The second type of foamed concrete was created mechanically, by beating and whipping the concrete to include air in the mixture. The mixture, which was stable and homogeneous, was put into moulds and then left to dry in open air. The Brussels firm Lanco produced precast elements in this foamed concrete.

blocks, beams, panels, and slabs

The main benefit of lightweight concrete, namely its low specific weight, had structural and financial effects on different levels: reduced transportation costs; lighter loads on structures and foundations (thereby enabling lighter and cheaper structures); and lower costs of manual labour. The latter was first and foremost the case with precast elements and, to a lesser extent, with lightweight ready-mix concrete: workmen could lift precast lightweight concrete elements more easily than their regular counterparts, so larger elements could be used and the pace of construction increased. Ytong, for instance, advertised the fact that only eight Ytong blocks were needed for one square meter of masonry. The high construction speed was one of the main reasons why lightweight precast elements became so popular.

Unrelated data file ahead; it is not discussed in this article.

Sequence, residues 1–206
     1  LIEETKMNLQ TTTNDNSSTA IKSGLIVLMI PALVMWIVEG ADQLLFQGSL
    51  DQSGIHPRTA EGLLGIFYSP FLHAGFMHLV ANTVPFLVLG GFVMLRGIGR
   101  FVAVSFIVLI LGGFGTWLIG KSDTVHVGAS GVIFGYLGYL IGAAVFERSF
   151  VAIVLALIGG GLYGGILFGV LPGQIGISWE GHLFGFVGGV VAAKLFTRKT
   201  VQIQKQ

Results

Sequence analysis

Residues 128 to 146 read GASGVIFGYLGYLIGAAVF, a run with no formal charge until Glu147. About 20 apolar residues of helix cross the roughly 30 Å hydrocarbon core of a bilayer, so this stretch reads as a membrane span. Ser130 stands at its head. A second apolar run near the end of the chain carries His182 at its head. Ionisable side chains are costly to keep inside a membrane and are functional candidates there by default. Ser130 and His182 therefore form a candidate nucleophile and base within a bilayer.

Lightweight concrete blocks were readily substituted for bricks in loadbearing and dividing walls. The blocks were usually rectangular, although some T-shaped or special connection blocks were put on the market as well. Companies made a relatively small number of standard heights and widths (e.g. 49 cm wide and 19 cm or 24 cm high, or 61 cm wide and 25 cm high), yet offering them in various thicknesses (from 5 to 50 cm, with regular intervals). The thickness was indeed a determining factor in choosing the right type of block for a particular wall construction; thickness was difficult to adjust, whereas the desired height or length of the wall could be achieved by sawing one row or column of blocks to the right size. For the construction of walls, lightweight concrete blocks were stacked like bricks, with a regular cement-sand mortar to bind the blocks together. Some types of blocks had grooves on the left and right sides, in order to interlock with adjacent blocks and stabilize the wall. Because of their porous character, blocks of certain brands (like Ytong, Siporex, and Argex) needed to be submerged or sprinkled with water to prevent them from extracting water from the mortar. From the 1940s onwards, glue-mortar was also used instead of regular mortar, which reduced the joint thickness from 7 mm to 2 or 3 mm and hardened faster (types of glue were Disbofix by the German company Disbon, the Dutch Durofix-glue, and the stone glue Calsifix by the Luxemburg firm Calsilox). In theory, some types of blocks could also be used in completely dry constructions, with small plastic ‘cookies’ inserted in small slits to join the elements together, enabling easy alterations and dismantling later on.